WYSINWYG – What you see is not what you get.
That’s right, what you’re looking at is the new home builders model home that has been both professionally staged with custom furnishing to appeal to the desired buyer and upgraded with many expensive design center upgrades. (Be aware that some builders even use furnishings built to a 80-90 percent scale to make rooms look bigger.)
Many of the upgrades are more expensive than if you were to have the work done by local craftspeople after the close of escrow. For example, that beautiful hardwood flooring – shop locally and save money. That custom built in at the end of the family room can be made by a local carpenter, with better materials, for less money. Of course, any upgrades after the close of escrow will not be financed – nor will they be taxed as part of the value of your home when it comes to the county assessor and the property taxed you’ll end up paying on the upgrades.
Buying The Builders Model Home.
If you are fortunate to buy the builders model home, you can receive an excellent deal. Since these model homes are the showcase for the builder they typically have many of the finest upgrades being offered in the community. Of course, the buyer can no longer weigh in on the flooring, color of the walls, kitchen cabinets, fixtures or any other improvements. The tradeoff is minimal, since great care went into selecting the most current palate available.
Since these homes have never been lived in, or deeded to anyone, they are still considered new. Model homes will typically sell for current market value and include the showcased upgrades.
Research The Builder.
You would never buy a new car without having strong feelings about the manufacturer. You’d never sign up for a cell plan with a provider without doing your research so it only makes sense that when buying a new home worth hundreds of thousands of dollars that you should research the new home builder, yet so few do.
Do your homework and visit other communities the builder built 2-5 years ago. Talk with people who live there or have lived there. What do they like and/or dislike about the home and community. Look for online reviews and social media to see what real people think about the product.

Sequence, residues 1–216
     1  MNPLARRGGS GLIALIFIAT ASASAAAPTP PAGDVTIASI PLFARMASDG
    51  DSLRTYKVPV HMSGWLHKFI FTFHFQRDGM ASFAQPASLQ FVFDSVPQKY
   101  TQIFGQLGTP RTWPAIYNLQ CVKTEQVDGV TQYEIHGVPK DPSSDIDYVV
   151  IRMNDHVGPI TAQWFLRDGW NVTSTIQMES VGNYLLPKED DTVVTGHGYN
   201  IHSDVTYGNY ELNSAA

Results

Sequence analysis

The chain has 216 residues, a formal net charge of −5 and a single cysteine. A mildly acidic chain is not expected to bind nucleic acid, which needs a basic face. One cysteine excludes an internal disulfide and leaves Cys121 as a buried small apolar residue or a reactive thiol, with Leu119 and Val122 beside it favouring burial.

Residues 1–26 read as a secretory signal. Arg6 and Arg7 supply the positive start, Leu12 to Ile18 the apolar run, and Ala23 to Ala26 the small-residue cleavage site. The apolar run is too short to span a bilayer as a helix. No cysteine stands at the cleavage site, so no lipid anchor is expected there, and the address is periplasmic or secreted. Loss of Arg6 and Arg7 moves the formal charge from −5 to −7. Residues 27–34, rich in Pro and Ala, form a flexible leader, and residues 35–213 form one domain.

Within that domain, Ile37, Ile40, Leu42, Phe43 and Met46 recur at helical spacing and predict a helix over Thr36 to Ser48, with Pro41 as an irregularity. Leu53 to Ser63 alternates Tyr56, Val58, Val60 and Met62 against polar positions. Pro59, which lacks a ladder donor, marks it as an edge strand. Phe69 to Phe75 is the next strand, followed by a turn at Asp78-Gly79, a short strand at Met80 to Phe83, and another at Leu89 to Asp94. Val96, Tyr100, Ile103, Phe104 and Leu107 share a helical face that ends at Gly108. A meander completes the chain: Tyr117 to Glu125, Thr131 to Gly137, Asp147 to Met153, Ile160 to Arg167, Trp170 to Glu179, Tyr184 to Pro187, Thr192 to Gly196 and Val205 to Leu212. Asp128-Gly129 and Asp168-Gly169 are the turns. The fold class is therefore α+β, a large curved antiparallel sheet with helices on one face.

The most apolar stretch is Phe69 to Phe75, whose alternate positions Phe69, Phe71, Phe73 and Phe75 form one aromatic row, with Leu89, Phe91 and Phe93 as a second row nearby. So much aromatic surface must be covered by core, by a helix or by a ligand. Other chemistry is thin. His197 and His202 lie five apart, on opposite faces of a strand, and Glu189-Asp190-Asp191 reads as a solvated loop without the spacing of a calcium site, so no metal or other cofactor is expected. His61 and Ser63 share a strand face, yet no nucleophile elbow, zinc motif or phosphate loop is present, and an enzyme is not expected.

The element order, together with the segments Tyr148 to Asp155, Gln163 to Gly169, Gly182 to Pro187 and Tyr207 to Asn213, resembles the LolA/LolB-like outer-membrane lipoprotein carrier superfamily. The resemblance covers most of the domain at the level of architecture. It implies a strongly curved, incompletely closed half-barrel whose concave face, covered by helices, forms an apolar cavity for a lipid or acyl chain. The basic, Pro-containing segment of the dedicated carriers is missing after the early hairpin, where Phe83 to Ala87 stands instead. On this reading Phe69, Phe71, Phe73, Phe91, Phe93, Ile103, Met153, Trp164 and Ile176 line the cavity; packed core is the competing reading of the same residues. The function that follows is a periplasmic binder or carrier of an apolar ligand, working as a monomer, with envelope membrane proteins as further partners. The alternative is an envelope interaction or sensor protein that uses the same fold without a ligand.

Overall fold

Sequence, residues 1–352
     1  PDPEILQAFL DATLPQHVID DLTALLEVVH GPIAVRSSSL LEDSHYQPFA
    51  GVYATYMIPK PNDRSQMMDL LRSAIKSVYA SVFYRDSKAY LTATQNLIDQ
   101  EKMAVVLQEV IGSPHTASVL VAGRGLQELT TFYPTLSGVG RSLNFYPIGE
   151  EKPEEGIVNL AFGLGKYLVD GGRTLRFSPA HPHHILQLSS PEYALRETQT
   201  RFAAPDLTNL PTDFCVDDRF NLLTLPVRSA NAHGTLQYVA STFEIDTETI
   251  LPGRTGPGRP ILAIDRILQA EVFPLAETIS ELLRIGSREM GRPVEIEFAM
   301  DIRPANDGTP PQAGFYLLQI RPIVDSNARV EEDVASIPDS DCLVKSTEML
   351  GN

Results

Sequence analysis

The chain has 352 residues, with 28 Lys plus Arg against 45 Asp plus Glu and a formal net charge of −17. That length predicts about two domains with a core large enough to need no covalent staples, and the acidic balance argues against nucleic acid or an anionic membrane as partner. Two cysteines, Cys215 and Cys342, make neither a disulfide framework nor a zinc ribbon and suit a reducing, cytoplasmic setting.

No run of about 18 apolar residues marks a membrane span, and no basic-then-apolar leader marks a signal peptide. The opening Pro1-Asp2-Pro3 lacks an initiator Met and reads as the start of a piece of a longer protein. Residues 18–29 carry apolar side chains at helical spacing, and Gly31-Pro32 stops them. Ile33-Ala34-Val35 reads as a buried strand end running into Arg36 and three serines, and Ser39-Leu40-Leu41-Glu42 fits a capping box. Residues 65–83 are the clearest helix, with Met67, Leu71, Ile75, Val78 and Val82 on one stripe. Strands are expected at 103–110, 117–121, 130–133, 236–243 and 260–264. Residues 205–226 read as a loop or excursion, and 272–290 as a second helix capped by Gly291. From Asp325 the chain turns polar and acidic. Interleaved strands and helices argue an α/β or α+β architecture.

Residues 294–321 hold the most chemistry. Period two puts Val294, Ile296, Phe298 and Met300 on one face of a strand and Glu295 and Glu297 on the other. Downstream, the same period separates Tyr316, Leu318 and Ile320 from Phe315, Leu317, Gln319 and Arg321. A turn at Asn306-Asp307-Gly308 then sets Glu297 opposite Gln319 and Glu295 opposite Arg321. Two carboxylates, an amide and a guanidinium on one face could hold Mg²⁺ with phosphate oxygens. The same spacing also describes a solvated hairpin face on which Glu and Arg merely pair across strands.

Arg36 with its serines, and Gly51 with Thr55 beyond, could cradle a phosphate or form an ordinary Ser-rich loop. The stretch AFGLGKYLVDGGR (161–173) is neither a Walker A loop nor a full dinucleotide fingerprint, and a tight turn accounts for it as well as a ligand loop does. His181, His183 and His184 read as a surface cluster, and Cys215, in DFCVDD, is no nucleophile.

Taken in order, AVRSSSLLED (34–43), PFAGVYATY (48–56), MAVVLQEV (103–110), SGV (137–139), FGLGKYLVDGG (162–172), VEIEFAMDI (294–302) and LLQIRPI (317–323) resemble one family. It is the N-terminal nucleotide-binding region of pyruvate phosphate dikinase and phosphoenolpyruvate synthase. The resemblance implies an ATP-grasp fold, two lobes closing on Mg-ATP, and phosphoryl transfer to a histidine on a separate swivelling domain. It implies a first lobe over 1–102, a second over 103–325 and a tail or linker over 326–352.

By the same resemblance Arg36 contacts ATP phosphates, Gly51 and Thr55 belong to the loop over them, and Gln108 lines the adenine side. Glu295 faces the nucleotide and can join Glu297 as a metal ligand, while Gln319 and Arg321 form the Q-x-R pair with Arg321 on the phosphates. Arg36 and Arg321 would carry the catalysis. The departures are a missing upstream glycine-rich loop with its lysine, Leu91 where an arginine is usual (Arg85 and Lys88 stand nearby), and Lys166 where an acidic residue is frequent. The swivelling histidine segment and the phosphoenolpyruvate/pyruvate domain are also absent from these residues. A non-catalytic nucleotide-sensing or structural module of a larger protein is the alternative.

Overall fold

Investigate major components that will be used. Is the HVAC a no-name fresh off the boat from China or is it an established leader in the field. Same goes for roofing material, flooring, fixtures and everything that goes into the construction of the home. Take some time and wander around the homes currently being built – are the crews serious and meticulous or are they horse-playing around in an unorganized work space. Trust your gut.
Who Is Your Lender?
Builders always have a ‘preferred’ lender that they’ll want you to use. Many times they’ll offer closing cost or interest buy-down as a reason to use ‘their’ lender.
It’s important to shop for a loan and get the best loan for you, the buyer and not the new home builder. Who knows, based on the incentives, the new home builders lender just might be the best loan for you!
So, if you’re even remotely considering buying a new construction home do yourself the favor of consulting with the realtor of your choice to ensure you are properly represented. Remember, it’s imperative that your realtor is there the first time you look at any model homes in any tract if you want the representation you are entitled to.
Call us today at (951) 296-8887 and get the information you need to make the right decision.
For questions regarding available inventory and/or other real estate matters please contact, Mike@GoTakeAction.com. Mike Mason, Broker/Owner of MASON Real Estate Cal. BRE: 01483044, Board of Director of your Southwest Riverside County Association of Realtors® (SRCAR), Traveling State Director, California Association of Realtors® (C.A.R.). John Occhi is a semi-retired Temecula Realtor® who is pursuing his dreams and passions traveling the country, in an RV on the “American Wine Trail”. Follow his RV Wine Adventures at www.TheAmericanWineTrail.com.